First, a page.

• In operation, the client 14 sends a request 148 to the WPA 100 for processing and transmission of a suitable response 150 back to the client 14. For example, the request 148 may comprise a data query, data entry, data modification, page navigation, or any other desired transaction. As illustrated, the WPA 100 intakes the request 148 at the WPA controller 102, which is responsible for various control and flow logic among the various model-view-controller divisions of the WPA 100. For example, the WPA controller 102 can be implemented as a Servlet, such as a HyperText Transfer Protocol (“HTTP”) Servlet, which extends the ActionServlet class of Struts (an application framework promulgated by the Jakarta Project of the Apache Software Foundation). As illustrated, the WPA controller 102 invokes a configuration resource file 152, which provides mapping information for form classes, action classes, and other objects. Based on the particular request 148, the WPA controller 102 locates the appropriate action class and, also, the appropriate form class if the request 148 contains form data (e.g., client data input). For example, the WPA controller 102 may lookup a desired WPA Action Form and/or WPA Action Class, which function as interfaces to WPA Form Objects and WPA Action Objects.
  • If the client entered data, then the WPA controller 102 creates and populates the appropriate form object 118 as indicated by arrow 154. The form object 118 may comprise any suitable data objects type, such as a JavaBean, which functions to store the client entered data transmitted via the request 148. The WPA controller 102 then regains control as indicated by arrow 156.
  • If the client did not enter data, or upon creation and population of the appropriate form object 118, then the WPA controller 102 invokes the action class 120 to execute various logic suitable to the request 148 as indicated by arrow 158. For example, the action class 120 may call and execute various business logic or WPA logic 126, as indicated by arrow 160 and discussed in further detail below. The action class 120 then creates or interacts with the model object 124 as indicated by arrow 162. The model object 124 may comprise any suitable data object type, such as a JavaBean, which functions to maintain the application state of certain data. One example of the model object 124 is a shopping cart JavaBean, which stores various user data and e-commerce items selected by the client. However, a wide variety of model objects 124 are within the scope of the WPA 100. After executing the desired logic, the action class 120 forwards control back to the WPA controller 102 as indicated by arrow 164, which may be referred to as an “action forward.” This action forward 164 generally involves transmitting the path or location of the server-side page, e.g., the JSP.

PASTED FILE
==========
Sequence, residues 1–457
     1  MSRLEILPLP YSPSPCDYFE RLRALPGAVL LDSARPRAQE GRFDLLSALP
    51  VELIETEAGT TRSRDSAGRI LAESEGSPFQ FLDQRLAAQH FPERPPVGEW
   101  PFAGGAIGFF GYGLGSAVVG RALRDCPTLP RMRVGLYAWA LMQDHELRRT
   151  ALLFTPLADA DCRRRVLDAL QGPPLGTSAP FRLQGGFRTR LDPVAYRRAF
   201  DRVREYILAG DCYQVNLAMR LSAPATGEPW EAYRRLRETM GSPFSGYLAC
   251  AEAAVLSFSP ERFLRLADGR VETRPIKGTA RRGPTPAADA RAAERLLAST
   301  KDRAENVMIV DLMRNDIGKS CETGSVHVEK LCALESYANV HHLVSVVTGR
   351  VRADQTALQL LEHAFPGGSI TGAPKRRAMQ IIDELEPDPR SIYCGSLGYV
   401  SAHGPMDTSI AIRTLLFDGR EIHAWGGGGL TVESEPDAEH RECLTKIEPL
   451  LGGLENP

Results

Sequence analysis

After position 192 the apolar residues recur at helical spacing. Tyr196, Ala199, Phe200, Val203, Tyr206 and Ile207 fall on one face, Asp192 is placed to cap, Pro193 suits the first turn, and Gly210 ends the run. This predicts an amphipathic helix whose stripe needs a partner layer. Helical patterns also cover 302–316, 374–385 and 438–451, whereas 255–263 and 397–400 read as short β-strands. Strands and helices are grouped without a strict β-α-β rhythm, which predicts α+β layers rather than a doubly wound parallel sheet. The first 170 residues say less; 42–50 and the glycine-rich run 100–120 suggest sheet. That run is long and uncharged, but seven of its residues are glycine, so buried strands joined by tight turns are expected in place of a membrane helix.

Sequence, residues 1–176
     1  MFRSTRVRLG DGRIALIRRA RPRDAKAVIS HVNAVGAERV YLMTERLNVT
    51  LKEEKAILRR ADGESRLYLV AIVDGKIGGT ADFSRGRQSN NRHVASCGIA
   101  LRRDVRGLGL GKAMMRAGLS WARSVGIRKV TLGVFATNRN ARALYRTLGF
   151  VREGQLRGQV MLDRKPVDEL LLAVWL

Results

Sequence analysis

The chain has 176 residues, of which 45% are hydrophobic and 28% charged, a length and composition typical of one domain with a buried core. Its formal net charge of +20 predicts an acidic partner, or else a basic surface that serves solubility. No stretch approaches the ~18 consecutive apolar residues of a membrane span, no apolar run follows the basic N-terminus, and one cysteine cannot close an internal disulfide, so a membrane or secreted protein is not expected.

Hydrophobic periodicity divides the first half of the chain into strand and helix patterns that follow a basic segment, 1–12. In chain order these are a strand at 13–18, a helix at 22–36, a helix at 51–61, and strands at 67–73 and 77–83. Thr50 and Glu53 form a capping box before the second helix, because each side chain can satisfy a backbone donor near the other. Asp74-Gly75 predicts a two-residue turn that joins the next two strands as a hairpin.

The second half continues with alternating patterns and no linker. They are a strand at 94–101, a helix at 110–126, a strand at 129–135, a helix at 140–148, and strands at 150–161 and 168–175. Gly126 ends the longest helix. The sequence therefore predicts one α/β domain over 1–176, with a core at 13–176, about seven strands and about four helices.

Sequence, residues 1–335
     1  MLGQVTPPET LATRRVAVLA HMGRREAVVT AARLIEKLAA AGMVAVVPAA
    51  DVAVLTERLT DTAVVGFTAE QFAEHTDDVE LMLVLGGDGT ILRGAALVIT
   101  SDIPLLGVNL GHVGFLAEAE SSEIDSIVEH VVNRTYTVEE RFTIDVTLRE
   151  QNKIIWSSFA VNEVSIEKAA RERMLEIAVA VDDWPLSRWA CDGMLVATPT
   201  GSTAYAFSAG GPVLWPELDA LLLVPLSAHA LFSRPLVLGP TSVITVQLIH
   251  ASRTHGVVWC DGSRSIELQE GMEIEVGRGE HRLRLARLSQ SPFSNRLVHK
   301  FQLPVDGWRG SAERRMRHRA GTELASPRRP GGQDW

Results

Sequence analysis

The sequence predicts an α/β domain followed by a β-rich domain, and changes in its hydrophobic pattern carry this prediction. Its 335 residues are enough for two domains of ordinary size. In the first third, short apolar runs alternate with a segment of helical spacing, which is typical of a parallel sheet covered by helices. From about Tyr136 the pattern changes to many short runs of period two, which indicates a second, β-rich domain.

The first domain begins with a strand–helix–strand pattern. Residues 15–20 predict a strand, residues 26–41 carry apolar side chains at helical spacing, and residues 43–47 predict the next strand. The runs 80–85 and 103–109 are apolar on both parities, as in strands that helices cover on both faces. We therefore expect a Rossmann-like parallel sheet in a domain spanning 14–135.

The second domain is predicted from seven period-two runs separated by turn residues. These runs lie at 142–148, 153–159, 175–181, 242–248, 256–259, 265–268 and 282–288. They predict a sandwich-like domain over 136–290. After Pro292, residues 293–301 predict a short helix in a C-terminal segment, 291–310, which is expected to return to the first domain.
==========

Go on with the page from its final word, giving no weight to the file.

• As indicated by arrow 166, the WPA controller 12 then invokes the foregoing server-side page as the view 122. Accordingly, the view 122 interprets its links or tags to retrieve data from the model object 124 as indicated by arrow 168. Although a single model object 124 is illustrated, the view 122 may retrieve data from a wide variety of model objects. In addition, the view 122 interprets any special logic links or tags to invoke tag libraries 142 as indicated by arrow 170. For example, the WPA tag libraries 144 and the service tag libraries 146 can include various custom or standard logic tag libraries, such as <html>, <logic>, <template> developed as part of the Apache Jakarta Project or the like. Accordingly, the tag libraries 142 further separate the logic from the content of the view 122, thereby facilitating flexibility and modularity. In certain cases, the tag libraries 142 also may interact with the model object 124 as indicated by arrow 172. For example, a special tag may execute logic to retrieve data from the model object 124 and manipulate the retrieved data for use by the view 122. After interacting with the model object 124 and the appropriate tag libraries 142, the WPA 100 executes the view 122 (e.g., JSP) to create a client-side page for the client 14 as indicated by arrow 174. For example, the client-side page may comprise an extended markup language (“XML”) or HTML formatted page, which the WPA controller 102 returns to the client 14 via the response 150.
  • As discussed above, the WPA 100 comprises a variety of unique logic and functional components, such as control components 104 through 116 and logic 128 through 134, to enhance the performance of the overall architecture and specific features 100. These components and logic generally operate on the server-side of the WPA 100, yet there are certain performance improvements that may be apparent on the client-side. These various components, while illustrated as subcomponents of the controller 102 or types of logic 126, may be standalone or integrated with various other portions of the WPA 100. Accordingly, the illustrated organization of these components is simply one exemplary embodiment of the WPA 100, while other organizational embodiments are within the scope of the present technique.